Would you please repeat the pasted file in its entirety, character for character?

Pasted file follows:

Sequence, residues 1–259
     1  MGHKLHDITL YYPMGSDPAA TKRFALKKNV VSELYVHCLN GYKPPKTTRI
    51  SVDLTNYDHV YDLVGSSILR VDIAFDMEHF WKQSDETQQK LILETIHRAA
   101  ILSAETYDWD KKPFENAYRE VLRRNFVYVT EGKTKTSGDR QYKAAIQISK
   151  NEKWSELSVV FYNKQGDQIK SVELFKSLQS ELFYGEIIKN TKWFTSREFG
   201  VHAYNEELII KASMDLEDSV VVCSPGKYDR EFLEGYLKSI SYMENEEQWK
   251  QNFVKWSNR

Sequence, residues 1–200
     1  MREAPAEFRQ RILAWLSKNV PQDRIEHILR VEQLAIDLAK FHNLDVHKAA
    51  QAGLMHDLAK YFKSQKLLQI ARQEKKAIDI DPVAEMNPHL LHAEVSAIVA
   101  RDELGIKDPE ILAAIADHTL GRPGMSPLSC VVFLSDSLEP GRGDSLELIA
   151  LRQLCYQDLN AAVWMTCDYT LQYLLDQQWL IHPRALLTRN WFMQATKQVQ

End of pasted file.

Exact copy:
Sequence, residues 1–259
     1  MGHKLHDITL YYPMGSDPAA TKRFALKKNV VSELYVHCLN GYKPPKTTRI
    51  SVDLTNYDHV YDLVGSSILR VDIAFDMEHF WKQSDETQQK LILETIHRAA
   101  ILSAETYDWD KKPFENAYRE VLRRNFVYVT EGKTKTSGDR QYKAAIQISK
   151  NEKWSELSVV FYNKQGDQIK SVELFKSLQS ELFYGEIIKN TKWFTSREFG
   201  VHAYNEELII KASMDLEDSV VVCSPGKYDR EFLEGYLKSI SYMENEEQWK
   251  QNFVKWSNR

Sequence, residues 1–200
     1  MREAPAEFRQ RILAWLSKNV PQDRIEHILR VEQLAIDLAK FHNLDVHKAA
    51  QAGLMHDLAK YFKSQKLLQI ARQEKKAIDI DPVAEMNPHL LHAEVSAIVA
   101  RDELGIKDPE ILAAIADHTL GRPGMSPLSC VVFLSDSLEP GRGDSLELIA
   151  LRQLCYQDLN AAVWMTCDYT LQYLLDQQWL IHPRALLTRN WFMQATKQVQ